The leading professional event under the auspices of the 28th LLW was organised by the SIAE in close collaboration with the Ministry of Labour, Family, Social Affairs and Equal Opportunities and the Ministry of Education on 1 June at the House of the EU. Eighty-five participants gathered to address the topic of skills in a world that is changing incredibly fast and profoundly.
This initiative by the European Parliament and the Council, shaped into the EYS institute, appears to be the strongest one so far. The issues at hand are indeed dramatic, as highlighted by high-ranking EU representatives. It is almost a ‘revolution in the field of skills’, connected to the ambitious goals of the European Pillar of Social Rights and its action plan.
In numerous industries, there is a shortage of workforce that possesses skills matching the needs of the labour market. On the one hand, this necessitates the urgent requalification and further training of the existing workforce. On the other hand, it requires attracting workers from different environments – hence, learning, education, training, etc. It also calls for proactive awareness-raising, learner-centred guidance, validation of existing knowledge and skills and other measures.
How is Slovenia responding to the EYS initiative?
What is the situation in our country, and how can we take action? What are the challenges of ensuring skills for work and life in general? How can we simultaneously support the green and digital transition? How can we provide a comprehensive, economic and humanistic approach to solving these issues? Are there already good examples of systematic and continuous investment in employees?
We addressed these questions in several programme segments. In one of them, six national stakeholders, including the Ministry of Digital Transformation and the Ministry of Public Administration, the Chamber of Commerce and Industry of Slovenia as well as the Chamber of Craft and Small Business of Slovenia, the Employment Service of Slovenia and the Public Scholarship, Development, Disability and Maintenance Fund of the Republic of Slovenia, presented their activities aimed at providing the acquisition of skills for work and life in general.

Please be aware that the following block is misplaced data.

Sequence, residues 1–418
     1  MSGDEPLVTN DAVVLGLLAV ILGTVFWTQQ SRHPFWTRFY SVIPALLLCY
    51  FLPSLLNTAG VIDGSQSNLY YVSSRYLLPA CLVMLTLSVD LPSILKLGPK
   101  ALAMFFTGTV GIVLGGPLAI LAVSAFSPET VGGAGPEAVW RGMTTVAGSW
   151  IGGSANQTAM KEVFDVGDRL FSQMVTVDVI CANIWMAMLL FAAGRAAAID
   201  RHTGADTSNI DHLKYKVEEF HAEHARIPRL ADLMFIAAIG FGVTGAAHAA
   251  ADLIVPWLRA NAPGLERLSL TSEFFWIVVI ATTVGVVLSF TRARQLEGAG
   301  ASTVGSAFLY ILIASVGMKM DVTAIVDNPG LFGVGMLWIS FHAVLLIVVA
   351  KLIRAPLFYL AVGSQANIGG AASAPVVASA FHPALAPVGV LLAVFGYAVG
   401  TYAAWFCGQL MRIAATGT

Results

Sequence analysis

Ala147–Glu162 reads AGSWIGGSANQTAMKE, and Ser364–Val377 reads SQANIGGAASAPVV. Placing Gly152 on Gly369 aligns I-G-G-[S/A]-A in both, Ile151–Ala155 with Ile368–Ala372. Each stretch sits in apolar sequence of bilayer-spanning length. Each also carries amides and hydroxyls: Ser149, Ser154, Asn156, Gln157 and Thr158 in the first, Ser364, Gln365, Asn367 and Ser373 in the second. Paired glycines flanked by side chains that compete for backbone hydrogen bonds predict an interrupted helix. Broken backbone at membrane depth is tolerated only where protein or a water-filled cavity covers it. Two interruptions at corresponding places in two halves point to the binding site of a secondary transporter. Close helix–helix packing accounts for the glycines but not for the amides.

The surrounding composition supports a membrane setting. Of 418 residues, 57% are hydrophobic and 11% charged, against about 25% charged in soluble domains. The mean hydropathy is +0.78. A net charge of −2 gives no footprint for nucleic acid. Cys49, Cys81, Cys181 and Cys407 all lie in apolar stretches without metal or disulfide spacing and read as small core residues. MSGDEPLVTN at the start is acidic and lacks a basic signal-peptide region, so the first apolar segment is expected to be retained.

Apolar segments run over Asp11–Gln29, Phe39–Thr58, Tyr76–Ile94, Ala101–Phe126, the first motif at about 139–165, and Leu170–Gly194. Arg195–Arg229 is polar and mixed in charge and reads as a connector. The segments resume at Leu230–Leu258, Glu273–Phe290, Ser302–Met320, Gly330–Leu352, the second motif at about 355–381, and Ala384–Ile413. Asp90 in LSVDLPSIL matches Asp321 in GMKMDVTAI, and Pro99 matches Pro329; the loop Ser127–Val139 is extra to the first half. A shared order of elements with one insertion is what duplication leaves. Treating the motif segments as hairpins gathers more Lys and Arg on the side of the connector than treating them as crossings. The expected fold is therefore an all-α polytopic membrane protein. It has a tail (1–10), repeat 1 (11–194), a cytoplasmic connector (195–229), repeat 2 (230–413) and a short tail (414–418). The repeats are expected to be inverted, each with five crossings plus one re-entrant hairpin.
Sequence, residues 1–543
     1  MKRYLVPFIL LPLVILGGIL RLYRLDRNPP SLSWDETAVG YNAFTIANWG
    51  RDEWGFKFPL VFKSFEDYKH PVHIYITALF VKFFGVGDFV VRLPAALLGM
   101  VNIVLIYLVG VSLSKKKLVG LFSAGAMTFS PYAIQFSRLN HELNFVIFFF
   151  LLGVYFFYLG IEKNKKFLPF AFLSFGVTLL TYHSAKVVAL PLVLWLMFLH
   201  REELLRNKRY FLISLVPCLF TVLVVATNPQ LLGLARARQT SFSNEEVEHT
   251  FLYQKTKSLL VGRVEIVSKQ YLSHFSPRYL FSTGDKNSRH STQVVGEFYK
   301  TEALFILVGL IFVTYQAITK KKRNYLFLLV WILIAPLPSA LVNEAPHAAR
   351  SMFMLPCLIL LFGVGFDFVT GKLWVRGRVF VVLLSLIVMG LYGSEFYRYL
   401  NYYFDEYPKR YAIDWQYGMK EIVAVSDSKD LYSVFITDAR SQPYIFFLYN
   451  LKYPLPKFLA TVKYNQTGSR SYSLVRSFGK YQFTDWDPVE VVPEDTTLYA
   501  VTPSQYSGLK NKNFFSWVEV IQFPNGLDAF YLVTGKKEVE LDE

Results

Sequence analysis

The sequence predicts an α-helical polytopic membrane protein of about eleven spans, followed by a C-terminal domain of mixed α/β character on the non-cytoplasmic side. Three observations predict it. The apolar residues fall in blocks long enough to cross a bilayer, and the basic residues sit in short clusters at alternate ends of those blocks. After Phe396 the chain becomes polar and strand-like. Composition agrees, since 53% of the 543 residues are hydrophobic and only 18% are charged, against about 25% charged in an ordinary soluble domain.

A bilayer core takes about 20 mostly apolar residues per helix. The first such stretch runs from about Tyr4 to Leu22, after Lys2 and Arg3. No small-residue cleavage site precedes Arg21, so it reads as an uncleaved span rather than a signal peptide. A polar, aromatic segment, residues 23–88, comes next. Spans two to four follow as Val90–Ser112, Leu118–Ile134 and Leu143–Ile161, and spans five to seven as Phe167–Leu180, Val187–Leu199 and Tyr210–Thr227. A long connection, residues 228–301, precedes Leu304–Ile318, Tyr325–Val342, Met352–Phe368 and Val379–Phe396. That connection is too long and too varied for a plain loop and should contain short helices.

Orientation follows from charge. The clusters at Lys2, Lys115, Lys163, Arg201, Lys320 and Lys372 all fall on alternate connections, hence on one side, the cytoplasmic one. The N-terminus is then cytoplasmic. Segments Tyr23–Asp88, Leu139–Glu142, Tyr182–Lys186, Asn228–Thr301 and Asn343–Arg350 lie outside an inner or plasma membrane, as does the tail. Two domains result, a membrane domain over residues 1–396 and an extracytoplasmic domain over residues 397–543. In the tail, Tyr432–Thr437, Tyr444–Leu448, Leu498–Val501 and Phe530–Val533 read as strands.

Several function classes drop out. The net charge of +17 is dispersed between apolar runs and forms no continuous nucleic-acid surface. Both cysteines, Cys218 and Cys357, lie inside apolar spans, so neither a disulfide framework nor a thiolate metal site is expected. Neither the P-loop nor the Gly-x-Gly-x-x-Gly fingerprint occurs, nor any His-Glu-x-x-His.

Active labour market policies regulate mismatches in the labour market.
Investing in people is an investment in a successful future.
Statistics are ruthless, and regarding digital competencies, they do not paint the most flattering picture of Slovenia.
By caring for ourselves, learning and acquiring knowledge, we also deepen our green skills.
People should be appropriately compensated for their work.
We are introducing digital skills, but we also need socio-emotional skills.
Representatives from Krka, a pharmaceutical company, and Mlinotest Živilska industrija, a food industry company, showcased concrete examples of investment in employee education and training through personal presentations and video recordings, including participant testimonials.
During the discussion on the topic of Challenges of Ensuring Skills for Work and Life, representatives from the Ministry of Education, the Ministry of Labour, Family and Social Affairs and the Ministry of Digital Transformation exchanged views, along with a representative of employers from the Economic and Social Council and a representative from the Association of Adult Education and Guidance Centres of Slovenia.
Dr Til Rozman, Ministry of Digital Transformation: »Digital competencies are necessary to ensure all individuals engage in social activities.«
Mojca Pršina, Ministry of Labour, Family, Social Affairs and Equal Opportunities and the Ministry of Education : »In collaboration with the Employment Service of Slovenia, we are developing a platform for forecasting workforce needs.«
Teja Dolgan, Ministry of Education: »Skills for life are the building blocks of individual independence and personal effectiveness.«
Maja Radinovič Hajdič, MSc, Association of Adult Education and Guidance Centres of Slovenia: »We will focus on vulnerable target groups not empowered enough to seize what is offered to them..«
Danijel Lamperger: »All craft and small business sectors require the inclusion of artificial intelligence in education.«
Zvonka Pangerc Pahernik, MSc, SIAE: »Recognise the meaning of EYS and be dedicated to this year-long campaign.«
The event took place under the strong imprint that Dr Petra Javrh left on the participants with her adult education-oriented contribution, where she spoke about the skills of adults in Slovenia.
The Slovenian farmer was well aware that he would not get helpers on the farm if he did not treat them well.
In the end, we could only agree with the statement of the European Commissioner for Jobs and Social Rights, Nicolas Schmit, who said, “Not just a year, but a decade or more dedicated to skills will help alleviate socio-economic disparities.”
The complete programme, live stream recording, PowerPoint presentations and other event materials (in Slovenian) are available on the website of the 27th AEC.